A gentle force in a small package - Salish Current
March 29, 2024
A gentle force in a small package
Linda Quinby Lambert

The late Edwina Norton described her path toward becoming a Buddhist monk in “Autumn Light: My Fifty Years in Zen” [Rowman and Littlefield, 2020]. (Courtesy photo)

March 29, 2024
A gentle force in a small package
Linda Quinby Lambert


“I found Zen in my late thirties and followed it into my eighties, slowly exploring and deepening
my understanding … taking the Priest’s vow to support and encourage all beings.”

Edwina Norton, “Autumn Light: My Fifty Years in Zen,” p.140

Edwina Norton (1935–2024) “moved in many circles of involvement,” Edie’s friend Jane Rosenfeld recalled. “Her signature characteristic was full engagement in the topic at hand, whether the activity was gardening, painting, traveling, reading, writing, sewing her priestly robes, examining political and social issues, or enjoying the wide-ranging conversations that friends have. She touched and enriched so many people.”

Jane and Edie were members of a poetry group. “Each member selected a poem they liked or were just baffled by. Edie brought thought-provoking poems for us to ponder and talk through, sharing her insight, curiosity and warm good humor,” Jane said.

Edie’s and my paths intersected at Whatcom Undaunted, an activist group formed, as member Sue Ming said, “after the orange-haired man took office.” Up to two dozen women continue to strategize and hear speakers at the homes of Betsy Gross or Marian Exall. Since I did not know Edie well, I turned to her Undaunted and other friends — all possessing rich stories of Edie’s personality and accomplishments. 

Betsy said, “Edie was both intellectually interesting and emotionally soothing. Her calmness made being in her company peaceful and comforting. She was who she was, an authentic woman who shared herself with others. She studied the issues, came up with defining language, and discussed possible solutions with decision makers.”

Jill Bernstein commented, “As we parsed through what to do about the political divide and the deep fissures in our nation and community, Edie was always urging us to continue conversation with those with different points of view and to build bridges, never giving up. I still hear Edie’s voice in my head, reminding me to not only talk, but to listen.”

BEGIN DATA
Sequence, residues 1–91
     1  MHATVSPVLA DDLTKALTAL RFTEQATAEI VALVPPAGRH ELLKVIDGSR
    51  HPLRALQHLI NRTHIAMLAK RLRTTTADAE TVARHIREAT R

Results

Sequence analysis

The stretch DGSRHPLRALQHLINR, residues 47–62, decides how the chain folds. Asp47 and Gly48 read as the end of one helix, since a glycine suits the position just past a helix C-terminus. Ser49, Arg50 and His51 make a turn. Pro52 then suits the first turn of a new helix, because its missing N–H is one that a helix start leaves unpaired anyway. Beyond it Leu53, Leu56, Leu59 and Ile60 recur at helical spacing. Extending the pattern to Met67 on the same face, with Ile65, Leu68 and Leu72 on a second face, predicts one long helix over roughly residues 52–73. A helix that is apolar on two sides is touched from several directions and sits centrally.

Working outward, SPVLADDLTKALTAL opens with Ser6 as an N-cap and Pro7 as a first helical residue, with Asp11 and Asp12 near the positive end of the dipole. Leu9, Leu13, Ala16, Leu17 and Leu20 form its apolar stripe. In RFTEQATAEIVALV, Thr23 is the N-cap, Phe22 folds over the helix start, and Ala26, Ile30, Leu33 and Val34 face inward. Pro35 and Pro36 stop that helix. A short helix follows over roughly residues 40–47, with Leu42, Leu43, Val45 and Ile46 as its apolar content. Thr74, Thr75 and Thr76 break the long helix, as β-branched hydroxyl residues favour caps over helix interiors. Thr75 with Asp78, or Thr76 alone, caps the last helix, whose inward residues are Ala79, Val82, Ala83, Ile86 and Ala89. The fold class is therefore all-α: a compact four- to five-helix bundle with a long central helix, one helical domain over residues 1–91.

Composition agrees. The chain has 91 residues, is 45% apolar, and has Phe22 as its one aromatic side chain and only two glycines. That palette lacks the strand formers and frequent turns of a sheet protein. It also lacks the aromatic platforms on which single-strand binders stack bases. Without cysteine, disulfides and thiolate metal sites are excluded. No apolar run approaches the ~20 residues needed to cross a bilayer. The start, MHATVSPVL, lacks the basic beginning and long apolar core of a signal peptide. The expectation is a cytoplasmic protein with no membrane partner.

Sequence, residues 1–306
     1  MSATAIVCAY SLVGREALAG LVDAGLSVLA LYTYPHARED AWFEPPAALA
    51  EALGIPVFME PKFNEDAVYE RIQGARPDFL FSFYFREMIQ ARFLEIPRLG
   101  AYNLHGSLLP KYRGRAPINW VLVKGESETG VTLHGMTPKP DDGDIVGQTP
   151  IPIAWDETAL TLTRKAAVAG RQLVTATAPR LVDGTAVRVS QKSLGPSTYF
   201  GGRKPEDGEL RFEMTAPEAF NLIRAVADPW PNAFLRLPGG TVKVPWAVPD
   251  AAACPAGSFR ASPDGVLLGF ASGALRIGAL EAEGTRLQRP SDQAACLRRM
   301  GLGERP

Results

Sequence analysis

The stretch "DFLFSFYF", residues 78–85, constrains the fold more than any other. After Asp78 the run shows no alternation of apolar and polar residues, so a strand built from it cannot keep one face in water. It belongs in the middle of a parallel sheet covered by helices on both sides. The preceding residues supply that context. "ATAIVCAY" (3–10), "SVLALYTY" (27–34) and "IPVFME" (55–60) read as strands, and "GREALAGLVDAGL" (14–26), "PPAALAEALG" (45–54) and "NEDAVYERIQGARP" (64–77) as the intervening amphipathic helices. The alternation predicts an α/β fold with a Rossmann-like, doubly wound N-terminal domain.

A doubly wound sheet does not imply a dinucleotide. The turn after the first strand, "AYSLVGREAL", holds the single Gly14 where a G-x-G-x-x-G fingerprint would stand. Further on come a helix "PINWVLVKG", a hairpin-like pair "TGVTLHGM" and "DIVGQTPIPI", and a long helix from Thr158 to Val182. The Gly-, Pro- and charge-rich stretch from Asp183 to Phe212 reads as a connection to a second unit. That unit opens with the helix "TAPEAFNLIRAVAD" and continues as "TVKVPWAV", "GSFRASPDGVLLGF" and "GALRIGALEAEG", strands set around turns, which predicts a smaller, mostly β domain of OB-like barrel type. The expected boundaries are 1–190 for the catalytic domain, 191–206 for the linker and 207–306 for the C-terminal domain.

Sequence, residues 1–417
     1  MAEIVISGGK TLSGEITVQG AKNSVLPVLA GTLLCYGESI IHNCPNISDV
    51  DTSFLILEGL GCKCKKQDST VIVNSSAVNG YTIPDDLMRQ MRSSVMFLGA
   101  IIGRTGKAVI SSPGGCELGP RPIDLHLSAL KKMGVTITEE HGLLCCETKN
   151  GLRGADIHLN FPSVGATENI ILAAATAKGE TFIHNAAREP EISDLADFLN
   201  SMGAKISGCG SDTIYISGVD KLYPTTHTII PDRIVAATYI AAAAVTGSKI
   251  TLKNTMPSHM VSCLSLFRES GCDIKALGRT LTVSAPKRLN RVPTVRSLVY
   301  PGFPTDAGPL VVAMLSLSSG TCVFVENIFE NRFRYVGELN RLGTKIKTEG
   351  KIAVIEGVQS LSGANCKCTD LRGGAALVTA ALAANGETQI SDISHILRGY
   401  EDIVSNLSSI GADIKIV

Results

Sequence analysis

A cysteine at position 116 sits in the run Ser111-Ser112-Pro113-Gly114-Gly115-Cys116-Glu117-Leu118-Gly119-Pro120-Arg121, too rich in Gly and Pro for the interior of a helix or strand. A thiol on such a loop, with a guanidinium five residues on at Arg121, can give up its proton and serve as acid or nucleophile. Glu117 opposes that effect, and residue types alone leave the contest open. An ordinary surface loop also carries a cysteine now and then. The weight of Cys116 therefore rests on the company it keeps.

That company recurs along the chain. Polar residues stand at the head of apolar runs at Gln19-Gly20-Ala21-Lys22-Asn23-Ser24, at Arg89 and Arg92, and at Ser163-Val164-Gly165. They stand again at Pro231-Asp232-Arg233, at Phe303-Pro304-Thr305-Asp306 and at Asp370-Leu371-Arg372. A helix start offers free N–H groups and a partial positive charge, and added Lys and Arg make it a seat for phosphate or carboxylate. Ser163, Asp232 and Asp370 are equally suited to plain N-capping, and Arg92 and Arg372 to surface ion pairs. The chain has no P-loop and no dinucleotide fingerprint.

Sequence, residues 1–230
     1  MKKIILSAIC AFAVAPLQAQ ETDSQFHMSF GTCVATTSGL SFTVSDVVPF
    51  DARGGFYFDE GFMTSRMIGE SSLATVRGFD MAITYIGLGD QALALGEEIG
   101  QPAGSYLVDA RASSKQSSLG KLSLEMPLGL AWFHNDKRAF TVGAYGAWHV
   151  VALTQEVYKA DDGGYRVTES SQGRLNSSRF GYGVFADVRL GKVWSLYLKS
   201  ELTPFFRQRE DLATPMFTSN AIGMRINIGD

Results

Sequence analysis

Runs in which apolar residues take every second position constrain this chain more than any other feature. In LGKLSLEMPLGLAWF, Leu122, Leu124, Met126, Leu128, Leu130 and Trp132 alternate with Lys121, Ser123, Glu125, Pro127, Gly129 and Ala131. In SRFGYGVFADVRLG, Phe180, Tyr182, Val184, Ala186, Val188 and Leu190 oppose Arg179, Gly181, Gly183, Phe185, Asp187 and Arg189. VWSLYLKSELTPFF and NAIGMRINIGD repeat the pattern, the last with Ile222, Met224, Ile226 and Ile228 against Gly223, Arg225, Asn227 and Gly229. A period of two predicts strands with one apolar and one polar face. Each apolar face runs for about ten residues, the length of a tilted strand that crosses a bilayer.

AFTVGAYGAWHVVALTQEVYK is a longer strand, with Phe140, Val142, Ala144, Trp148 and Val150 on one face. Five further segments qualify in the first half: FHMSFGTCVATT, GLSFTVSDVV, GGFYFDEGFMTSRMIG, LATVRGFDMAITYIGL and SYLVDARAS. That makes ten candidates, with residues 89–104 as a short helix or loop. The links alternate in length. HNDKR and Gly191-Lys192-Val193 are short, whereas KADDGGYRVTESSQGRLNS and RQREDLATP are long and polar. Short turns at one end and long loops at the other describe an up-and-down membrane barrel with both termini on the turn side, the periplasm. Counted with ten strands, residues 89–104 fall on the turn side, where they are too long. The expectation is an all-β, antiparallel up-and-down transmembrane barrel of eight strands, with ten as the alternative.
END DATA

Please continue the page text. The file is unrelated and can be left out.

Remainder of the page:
In 2018, Edie called out the Democratic National Committee in a sharply worded letter about the DNC’s slogan. “ ‘A better deal’ [was] flaccid … a pathetic reference to Trump’s odious ‘Art of the Deal,’ reminding us of Trump and thereby contaminating the slogan” because it held “no Democratic vision or values,” she wrote. She urged action: “We citizens are overwhelmed by the chaos and outrageous behavior of the current administration. Point the way for us, offer substance and vision to get us talking with people in our communities about Democratic Values.”

A civic-minded citizen, she served on the Bellingham Greenways Advisory Committee with Eric Hirst who identified her as “quiet and understated” and “a forceful advocate for the committee’s independence. When Edie spoke, we all listened, and listened carefully. I reconnected with her a month ago. Although Edie was near death, she was wonderfully sanguine about her departure from this life. I was really impressed with how thoughtful, calm and comfortable Edie sounded.”

When Edie missed several Undaunted meetings, Betsy called to find out why. “She could not get up my front steps. I knew she had a severely deformed spine, causing her to walk slowly with a pronounced limp. Throughout her life, she swam, a sport she could manage while carrying this lifelong burden.” 

Sue Ming’s friendship with Edie began at Undaunted. “Edie never had a bad word to say about anyone. I wanted to know her better. We met for coffee several times. I learned about her book and her beliefs. Meanwhile, my wife, Linda, was diagnosed with stage three gastroesophageal cancer. Linda believed in some type of spirit but couldn’t put her words to her spirit. Edie taught Linda some meditation skills, but she didn’t stop there. She continued to talk and make suggestions to both of us.”

Realizing Edie’s deteriorating health, Sue and Linda offered help, but “Edie was resistant and independent, so we kept our visits social. Edie and I both loved the ocean, so we sent her emails with pictures of the ocean from Maui. Upon our return on Feb. 21, Edie asked if I could take her to Arne Hanna to use the hot tub on March 2. With reluctance, she cancelled our date; she and her family were focusing on pain medication. She died on March 5.”

Linda said, “for me, Edie was a mentor. She introduced me to mindfulness and helped me understand staying in the present. She was generous with her time, patient and accepting of my attempts to bring a rudimentary mindfulness practice into my life. Being around her gave me a sense of deep peace. I continue to use what she taught me daily. Edie was a gentle force in a small package.”

If you want to discover more about the singular challenges of Edie’s life and of her vibrant spirituality, I recommend her book “Autumn Light,” available at the usual booksellers and through the library. I checked the library whereabouts of “Autumn Light” at the time of this writing; it is currently riding and residing on the Whatcom Community Library System bookmobile, ready to be delivered into waiting hands. Somehow, that seems so right.

A memorial ceremony for Shuko Edie Norton will be hosted by the Red Cedar Zen Community on March 30, 3–5 p.m. at the Bellingham Unitarian Fellowship, 1207 Ellsworth Street, Bellingham; and via Zoom. For more information, to register for this event and to view Edie’s obituary, click here.

— Contributed by Linda Quinby Lambert

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